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Low acuity calls

KÖNNEN EMDs MITHILFE DES MPDS AUF SICHERE WEISE KRANKHEITEN UND VERLETZUNGEN MIT NIEDRIGER DRINGLICHKEIT ERKENNEN?

AEDR Editorial Team

Dec 21, 2017|Research Briefs

KÖNNEN EMDs MITHILFE DES MPDS AUF SICHERE WEISE KRANKHEITEN UND VERLETZUNGEN MIT NIEDRIGER DRINGLICHKEIT ERKENNEN? Ja! Indem Fragen wortwörtlich und in der richtigen Reihenfolge gestellt werden. Krankheiten und Verletzungen können eine niedrigere Dringlichkeit aufweisen. Das Medical Priority Dispatch System™ (MPDS®) priorisiert die Disposition aufgrund der Dringlichkeit einer Krankheit oder Verletzung. Um das System nutzen zu können, werden medizinische Notfalldisponenten (EMDs) darauf geschult, die Hauptbeschwerde eines Anrufers zu identifizieren, wobei sie ein besonderes Augenmerk auf vier...

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Can EMDs Using MPDS Safely Identify Low-Acuity Illness and Injury?

AEDR Editorial Team

Dec 07, 2017|Research Briefs

CAN EMDs USING MPDS SAFELY IDENTIFY LOW-ACUITY ILLNESS AND INJURY? Yes! By asking questions in order and as written. Designed to Determine: Low-acuity illness and injury are non-urgent medical conditions and symptoms. The Medical Priority Dispatch System™ (MPDS®) prioritizes emergency dispatch by illness and injury acuity. In order to use the system, Emergency Medical Dispatchers (EMDs) are trained to identify a caller's Chief Complaint, with particular attention to four priority symptoms: chest pain, alertness, breathing problems, and serious hemorrhaging. EMDs ask callers exactly...

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Assessing Call Demand and Utilization of a Secondary Triage Emergency Communication Nurse System for Low Acuity Calls Transferred from an Emergency Dispatch System

Dr. Mark Conrad Fivaz, Greg Scott, MBA, EMD-QI, Jeff J. Clawson, MD, Corike Toxopeus, PhD, Matt Zavadsky, MS, Kristen Miller, JD, Neal Richmond, MD, FACEP, Christopher Olola, PhD

Aug 01, 2015|AEDR 2015 Vol. 3 Issue 2|Original Research

Telephone nurse triage at the 9-1-1 dispatch point is relatively new in the United States despite its ability to significantly reduce expensive and scarce Emergency Medical Services (EMS) resource use and emergency department visits. A previous study investigated the distribution of 9-1-1-triaged call incident types within the Emergency Communications Nurse System (ECNS) and found that 9-1-1 triage systems yielded a variety of low acuity complaints that were handled by the Emergency Communications Nurse (ECN). This study explored the current and potential utilization...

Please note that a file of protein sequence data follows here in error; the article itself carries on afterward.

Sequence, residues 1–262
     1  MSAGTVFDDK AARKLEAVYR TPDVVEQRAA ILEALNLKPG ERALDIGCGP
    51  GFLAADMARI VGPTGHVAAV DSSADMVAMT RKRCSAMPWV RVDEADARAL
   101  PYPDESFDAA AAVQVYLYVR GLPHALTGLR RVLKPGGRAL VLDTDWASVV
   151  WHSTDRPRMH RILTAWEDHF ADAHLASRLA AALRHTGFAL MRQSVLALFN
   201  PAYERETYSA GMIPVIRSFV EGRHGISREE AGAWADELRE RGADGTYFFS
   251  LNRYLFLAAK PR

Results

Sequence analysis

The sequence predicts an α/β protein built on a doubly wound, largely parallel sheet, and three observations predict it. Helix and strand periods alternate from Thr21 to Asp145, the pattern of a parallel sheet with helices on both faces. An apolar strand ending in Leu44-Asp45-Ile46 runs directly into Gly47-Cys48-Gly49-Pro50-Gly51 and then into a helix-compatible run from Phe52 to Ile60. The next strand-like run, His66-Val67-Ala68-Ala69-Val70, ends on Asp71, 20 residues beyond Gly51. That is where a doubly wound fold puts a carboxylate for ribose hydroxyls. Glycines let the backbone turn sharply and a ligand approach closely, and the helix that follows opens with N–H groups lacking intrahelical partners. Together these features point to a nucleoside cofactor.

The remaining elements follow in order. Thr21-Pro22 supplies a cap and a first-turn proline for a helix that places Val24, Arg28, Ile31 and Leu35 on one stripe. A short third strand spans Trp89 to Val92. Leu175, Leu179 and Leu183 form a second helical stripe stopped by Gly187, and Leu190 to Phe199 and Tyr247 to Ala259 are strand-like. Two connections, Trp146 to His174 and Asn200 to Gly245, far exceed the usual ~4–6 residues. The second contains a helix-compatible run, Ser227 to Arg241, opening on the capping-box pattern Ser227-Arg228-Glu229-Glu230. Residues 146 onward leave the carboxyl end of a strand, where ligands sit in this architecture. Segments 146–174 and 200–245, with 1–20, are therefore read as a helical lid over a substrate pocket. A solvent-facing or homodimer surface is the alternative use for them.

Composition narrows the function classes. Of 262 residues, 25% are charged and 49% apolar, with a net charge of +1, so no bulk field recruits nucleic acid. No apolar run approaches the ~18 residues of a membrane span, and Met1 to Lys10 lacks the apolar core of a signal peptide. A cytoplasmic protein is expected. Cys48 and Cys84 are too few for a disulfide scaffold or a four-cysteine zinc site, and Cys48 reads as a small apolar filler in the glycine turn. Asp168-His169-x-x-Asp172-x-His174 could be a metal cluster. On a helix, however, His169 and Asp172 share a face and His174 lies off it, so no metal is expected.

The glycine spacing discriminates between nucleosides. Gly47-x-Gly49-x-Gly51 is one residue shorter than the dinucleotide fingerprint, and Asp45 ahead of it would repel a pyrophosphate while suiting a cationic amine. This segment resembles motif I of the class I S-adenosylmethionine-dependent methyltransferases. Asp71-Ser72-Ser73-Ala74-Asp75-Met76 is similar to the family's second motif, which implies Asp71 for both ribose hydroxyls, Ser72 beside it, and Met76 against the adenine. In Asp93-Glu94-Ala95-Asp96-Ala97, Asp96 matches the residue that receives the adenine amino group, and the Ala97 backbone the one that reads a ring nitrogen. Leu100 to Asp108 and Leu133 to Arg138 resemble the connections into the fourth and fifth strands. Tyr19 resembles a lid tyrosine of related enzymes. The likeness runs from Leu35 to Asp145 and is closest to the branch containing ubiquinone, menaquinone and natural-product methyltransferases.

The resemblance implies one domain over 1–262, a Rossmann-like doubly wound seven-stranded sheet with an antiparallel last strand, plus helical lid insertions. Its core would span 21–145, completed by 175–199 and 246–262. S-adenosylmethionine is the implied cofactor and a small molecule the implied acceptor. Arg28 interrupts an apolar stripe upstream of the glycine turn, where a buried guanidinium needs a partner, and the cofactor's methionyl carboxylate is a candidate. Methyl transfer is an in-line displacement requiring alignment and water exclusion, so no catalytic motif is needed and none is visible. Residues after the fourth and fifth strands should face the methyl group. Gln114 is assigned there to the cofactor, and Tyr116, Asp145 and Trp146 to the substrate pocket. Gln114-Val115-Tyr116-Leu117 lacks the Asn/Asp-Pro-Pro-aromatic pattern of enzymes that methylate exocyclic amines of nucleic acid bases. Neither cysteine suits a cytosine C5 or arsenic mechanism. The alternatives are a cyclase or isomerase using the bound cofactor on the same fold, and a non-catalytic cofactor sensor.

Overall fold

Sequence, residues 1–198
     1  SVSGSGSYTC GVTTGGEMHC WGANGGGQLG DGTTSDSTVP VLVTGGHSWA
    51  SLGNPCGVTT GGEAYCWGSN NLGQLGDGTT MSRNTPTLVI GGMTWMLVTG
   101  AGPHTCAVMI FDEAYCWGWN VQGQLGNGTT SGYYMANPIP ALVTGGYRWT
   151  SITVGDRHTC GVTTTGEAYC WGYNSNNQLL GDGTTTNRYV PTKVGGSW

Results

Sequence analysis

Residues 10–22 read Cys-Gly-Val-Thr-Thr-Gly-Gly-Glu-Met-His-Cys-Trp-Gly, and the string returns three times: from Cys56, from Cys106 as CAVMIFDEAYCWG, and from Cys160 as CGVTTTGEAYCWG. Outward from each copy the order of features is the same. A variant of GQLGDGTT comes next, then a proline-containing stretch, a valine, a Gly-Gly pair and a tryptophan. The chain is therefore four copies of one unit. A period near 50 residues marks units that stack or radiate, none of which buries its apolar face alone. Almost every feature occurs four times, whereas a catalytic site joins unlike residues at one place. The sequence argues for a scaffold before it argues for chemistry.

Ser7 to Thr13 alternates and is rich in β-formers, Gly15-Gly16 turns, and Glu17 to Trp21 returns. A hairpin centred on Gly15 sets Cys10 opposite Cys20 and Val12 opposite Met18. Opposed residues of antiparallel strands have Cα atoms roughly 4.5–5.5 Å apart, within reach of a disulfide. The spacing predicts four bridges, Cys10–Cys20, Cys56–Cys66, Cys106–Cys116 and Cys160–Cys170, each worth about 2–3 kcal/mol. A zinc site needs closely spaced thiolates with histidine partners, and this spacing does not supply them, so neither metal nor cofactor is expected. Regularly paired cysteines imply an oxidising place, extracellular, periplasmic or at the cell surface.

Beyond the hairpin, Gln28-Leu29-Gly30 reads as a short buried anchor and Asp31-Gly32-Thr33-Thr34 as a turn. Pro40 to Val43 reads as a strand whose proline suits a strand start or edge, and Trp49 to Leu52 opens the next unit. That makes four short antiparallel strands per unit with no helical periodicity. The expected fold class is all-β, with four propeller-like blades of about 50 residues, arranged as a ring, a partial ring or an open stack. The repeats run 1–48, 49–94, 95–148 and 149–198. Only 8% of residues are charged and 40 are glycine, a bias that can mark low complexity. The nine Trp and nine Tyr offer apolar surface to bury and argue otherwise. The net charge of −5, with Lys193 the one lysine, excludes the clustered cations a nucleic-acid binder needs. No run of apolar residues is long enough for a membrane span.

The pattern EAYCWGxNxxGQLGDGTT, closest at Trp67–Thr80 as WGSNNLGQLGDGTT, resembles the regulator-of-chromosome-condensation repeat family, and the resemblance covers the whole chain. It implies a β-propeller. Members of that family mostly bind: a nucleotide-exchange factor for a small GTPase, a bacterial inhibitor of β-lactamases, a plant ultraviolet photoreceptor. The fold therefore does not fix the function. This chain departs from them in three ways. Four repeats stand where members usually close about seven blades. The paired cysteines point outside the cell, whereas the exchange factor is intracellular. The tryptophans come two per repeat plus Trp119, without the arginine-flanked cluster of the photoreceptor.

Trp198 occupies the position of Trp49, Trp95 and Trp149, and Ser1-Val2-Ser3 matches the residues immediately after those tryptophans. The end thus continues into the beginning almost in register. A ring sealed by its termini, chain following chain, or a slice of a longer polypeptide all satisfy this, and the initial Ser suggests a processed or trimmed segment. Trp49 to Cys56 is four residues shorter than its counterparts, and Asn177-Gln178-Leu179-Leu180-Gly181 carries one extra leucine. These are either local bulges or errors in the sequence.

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The Distribution of Recommended Care Level Classification by Time of Day within the Emergency Communication Nurse System

Dr. Mark Conrad Fivaz, Greg Scott, MBA, EMD-QI, Jeff J. Clawson, MD, Corike Toxopeus, PhD, Matt Zavadsky, MS, Kristen Miller, JD, Neal Richmond, MD, FACEP, Christopher Olola, PhD

Aug 01, 2015|AEDR 2015 Vol. 3 Issue 2|Original Research

Research has shown that two-thirds of emergency visits occur after business hours (weekdays 9am – 5pm). Therefore, identifying primary healthcare providers available after business hours is one strategy for improving appropriate access to healthcare services. Previous studies have also shown a high and steady volume of secondary triage-eligible calls throughout the day and into the evening. However, because the Emergency Communication Nurse (ECN) performing the secondary triage has some discretion on selecting the Recommended Care Level (RCL) based on resource...

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911 Emergency Communication Nurse Triage Reduces EMS Patient Costs and Directs Patients to High-Satisfaction Alternative Point of Care

Isabel Gardett, PhD, Greg Scott, MBA, EMD-QI, Jeff J. Clawson, MD, Kristen Miller, JD, Neal Richmond, MD, FACEP, Comilla Sasson, MD, Matt Zavadsky, MS, Mark Rector, Andrew Wilcox, Christopher Olola, PhD

Mar 22, 2015|AEDR 2015 Vol. 3 Issue 1|Original Research

Recent estimates indicate that more than half of all Emergency Department (ED) visits could be avoided, reducing patient costs and increasing satisfaction with care. Since 911 is increasingly the first point of contact for many patients entering the health care system—even those with non-emergency conditions—one potential approach to decreasing emergency costs and ED overcrowding is to reinvent the 911 dispatch center as a clearinghouse for directing patients to alternative care providers. This study presents a cost avoidance analysis of two 911 dispatch centers that...

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The Distribution of Recommended Care Levels by Age, Gender, and Trauma vs Medical Classification within the Emergency Communication Nurse System

Dr. Mark Conrad Fivaz, Jennie McQueen, RN, Tracey Barron, BS, Jeff J. Clawson, MD, Greg Scott, MBA, EMD-QI, Isabel Gardett, PhD, Brett Patterson, Matt Zavadsky, MS, Neal Richmond, MD, FACEP, Christopher Olola, PhD

Mar 22, 2015|AEDR 2015 Vol. 3 Issue 1|Original Research

An examination of the Emergency Communications Nurse-determined Recommended Care Levels (RCLs), for calls transferred for secondary nurse-triage has not been performed. The outcome of such an investigation would help to gain a more complete picture of the type of care ultimately recommended for these patients. The Emergency Communications Nurse System (ECNS) studied contained 22 RCLs, ranging from urgent levels, including a country-specific 3-digit number Emergency response (911), and Emergency care as soon as possible to less time-dependent, low priority levels, such...

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